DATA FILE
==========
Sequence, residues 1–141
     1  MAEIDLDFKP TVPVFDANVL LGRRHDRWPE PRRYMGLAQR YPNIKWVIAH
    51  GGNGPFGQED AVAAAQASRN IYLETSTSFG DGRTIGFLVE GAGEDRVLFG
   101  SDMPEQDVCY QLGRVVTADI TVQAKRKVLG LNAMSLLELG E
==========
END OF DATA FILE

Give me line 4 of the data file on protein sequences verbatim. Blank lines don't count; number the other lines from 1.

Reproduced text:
   101  SDMPEQDVCY QLGRVVTADI TVQAKRKVLG LNAMSLLELG E